Kaibab National Forest to treat over 17,000 acres with thinning, burning south of Williams
Project could move forward in August pending any appeals
WILLIAMS, Ariz. - Kaibab National Forest Supervisor Mike Williams has approved a plan to treat more than 17,000 acres on the Williams Ranger District south of the city of Williams through a combination of tree thinning and prescribed burning.
The McCracken Project, which is located between three and 12 miles south of the city of Williams, will improve the health and sustainability of the forest by reducing tree densities and fuel loadings.
Specifically, the McCracken Project will include commercial and noncommercial thinning of trees on about 15,262 acres, and prescribed burning on about 17,337 acres. About 2,075 acres will be treated with prescribed burning only. These treatments will reduce dwarf mistletoe infections and the risk of stand-replacing wildland fires.
Other project objectives include reintroducing fire as a natural part of the ecosystem; reducing fuel buildup to help prevent the spread of wildland fire onto private property and into the city of Williams watershed; and, reducing stand densities in order to move toward a forest structure more typical under pre-settlement fire regimes.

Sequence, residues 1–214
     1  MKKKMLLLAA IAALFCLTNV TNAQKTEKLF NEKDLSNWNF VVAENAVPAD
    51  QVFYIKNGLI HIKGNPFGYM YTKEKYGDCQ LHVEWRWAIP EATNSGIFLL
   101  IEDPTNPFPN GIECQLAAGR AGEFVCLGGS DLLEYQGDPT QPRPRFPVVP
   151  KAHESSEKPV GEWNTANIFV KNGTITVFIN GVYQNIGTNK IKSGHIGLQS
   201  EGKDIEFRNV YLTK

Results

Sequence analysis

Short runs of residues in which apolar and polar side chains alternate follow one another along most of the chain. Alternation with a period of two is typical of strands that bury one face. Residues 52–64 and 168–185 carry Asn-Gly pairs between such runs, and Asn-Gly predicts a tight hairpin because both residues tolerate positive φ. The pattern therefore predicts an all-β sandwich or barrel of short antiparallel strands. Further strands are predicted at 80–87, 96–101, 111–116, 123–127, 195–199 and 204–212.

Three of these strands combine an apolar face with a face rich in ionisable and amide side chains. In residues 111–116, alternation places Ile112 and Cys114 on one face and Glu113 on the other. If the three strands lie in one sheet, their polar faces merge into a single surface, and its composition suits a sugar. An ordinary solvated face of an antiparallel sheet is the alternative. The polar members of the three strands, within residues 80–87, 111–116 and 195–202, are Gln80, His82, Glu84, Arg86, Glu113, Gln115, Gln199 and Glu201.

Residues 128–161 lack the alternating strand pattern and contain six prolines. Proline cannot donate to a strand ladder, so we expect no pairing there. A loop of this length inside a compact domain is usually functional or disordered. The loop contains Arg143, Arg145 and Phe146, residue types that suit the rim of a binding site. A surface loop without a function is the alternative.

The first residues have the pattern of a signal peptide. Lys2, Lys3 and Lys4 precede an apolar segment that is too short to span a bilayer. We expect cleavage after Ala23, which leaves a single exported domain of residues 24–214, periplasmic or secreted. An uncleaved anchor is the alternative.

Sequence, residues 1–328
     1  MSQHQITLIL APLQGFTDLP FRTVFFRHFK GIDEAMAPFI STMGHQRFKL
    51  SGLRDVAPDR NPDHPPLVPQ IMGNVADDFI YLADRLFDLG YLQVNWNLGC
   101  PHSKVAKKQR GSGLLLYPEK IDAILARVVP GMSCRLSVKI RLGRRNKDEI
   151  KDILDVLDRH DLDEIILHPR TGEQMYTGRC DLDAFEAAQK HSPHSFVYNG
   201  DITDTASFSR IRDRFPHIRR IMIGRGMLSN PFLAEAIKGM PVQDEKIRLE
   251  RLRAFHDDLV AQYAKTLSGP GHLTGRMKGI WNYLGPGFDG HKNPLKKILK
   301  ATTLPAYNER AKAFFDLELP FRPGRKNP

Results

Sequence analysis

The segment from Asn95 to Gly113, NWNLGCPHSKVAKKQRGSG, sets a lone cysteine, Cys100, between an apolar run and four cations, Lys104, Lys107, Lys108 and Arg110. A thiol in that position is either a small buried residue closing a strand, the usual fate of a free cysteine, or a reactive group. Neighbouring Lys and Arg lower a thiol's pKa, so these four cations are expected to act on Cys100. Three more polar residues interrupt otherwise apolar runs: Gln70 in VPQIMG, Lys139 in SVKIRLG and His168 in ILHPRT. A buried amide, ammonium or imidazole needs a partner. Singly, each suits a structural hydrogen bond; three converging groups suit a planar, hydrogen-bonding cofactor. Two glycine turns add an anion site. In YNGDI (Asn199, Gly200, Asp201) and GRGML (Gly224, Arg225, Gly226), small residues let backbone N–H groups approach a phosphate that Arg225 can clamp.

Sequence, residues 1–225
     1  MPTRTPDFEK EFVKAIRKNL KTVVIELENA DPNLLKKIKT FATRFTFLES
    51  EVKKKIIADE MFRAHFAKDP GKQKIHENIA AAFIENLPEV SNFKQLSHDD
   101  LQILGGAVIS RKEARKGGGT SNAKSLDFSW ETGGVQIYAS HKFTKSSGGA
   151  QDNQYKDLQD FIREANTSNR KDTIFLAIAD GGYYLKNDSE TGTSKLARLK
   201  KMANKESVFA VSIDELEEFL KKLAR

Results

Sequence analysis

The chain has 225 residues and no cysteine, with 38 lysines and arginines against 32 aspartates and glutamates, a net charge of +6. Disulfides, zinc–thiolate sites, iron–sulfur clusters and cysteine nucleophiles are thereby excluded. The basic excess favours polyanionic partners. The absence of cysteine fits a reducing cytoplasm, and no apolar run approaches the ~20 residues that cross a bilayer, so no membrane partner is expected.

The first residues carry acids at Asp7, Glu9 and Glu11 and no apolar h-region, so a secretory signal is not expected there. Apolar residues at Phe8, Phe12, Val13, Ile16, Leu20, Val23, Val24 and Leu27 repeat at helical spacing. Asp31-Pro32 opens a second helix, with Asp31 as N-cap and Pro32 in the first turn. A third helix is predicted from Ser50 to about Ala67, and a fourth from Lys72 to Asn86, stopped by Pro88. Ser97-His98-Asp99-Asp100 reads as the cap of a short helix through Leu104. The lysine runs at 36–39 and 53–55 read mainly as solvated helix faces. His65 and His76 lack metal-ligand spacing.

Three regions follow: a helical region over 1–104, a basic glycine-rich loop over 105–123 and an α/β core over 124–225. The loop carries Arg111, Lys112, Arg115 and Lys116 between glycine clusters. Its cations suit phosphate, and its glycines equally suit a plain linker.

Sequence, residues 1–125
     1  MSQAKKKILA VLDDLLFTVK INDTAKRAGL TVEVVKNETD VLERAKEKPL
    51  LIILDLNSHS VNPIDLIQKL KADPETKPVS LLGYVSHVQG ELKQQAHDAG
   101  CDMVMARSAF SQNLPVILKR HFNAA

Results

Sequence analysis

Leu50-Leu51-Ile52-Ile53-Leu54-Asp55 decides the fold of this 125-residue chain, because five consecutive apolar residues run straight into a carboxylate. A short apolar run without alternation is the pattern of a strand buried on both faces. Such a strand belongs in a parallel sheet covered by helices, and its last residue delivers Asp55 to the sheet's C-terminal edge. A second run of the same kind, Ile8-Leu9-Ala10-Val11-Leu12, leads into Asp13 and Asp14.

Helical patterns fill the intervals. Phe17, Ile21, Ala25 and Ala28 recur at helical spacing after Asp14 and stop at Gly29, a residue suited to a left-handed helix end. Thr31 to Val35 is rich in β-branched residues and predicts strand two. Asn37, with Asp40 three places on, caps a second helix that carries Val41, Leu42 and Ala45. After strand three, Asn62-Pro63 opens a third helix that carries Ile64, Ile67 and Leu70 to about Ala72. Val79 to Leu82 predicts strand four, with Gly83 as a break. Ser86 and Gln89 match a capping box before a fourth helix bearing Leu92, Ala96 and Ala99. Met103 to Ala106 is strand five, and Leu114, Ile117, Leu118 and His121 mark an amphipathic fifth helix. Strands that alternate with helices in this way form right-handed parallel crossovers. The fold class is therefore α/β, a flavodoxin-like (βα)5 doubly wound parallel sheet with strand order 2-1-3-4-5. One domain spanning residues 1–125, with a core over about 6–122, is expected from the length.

Work on the McCracken Project could begin as soon as August, depending on whether or not the project is appealed. Individuals or organizations who provided comments or expressed interest in the proposed action during the comment period may appeal. Detailed project information and documents, along with the appeal process, are available on the Kaibab National Forest website at www.fs.usda.gov/goto/kaibab/projects.
"The McCracken Project will contribute to the ongoing, landscape-level treatments on Kaibab National Forest that are so important in protecting natural and cultural resources as well as private property and our local communities," said Kaibab National Forest Supervisor Mike Williams. "It will result in a more defensible, healthy and resilient forest."
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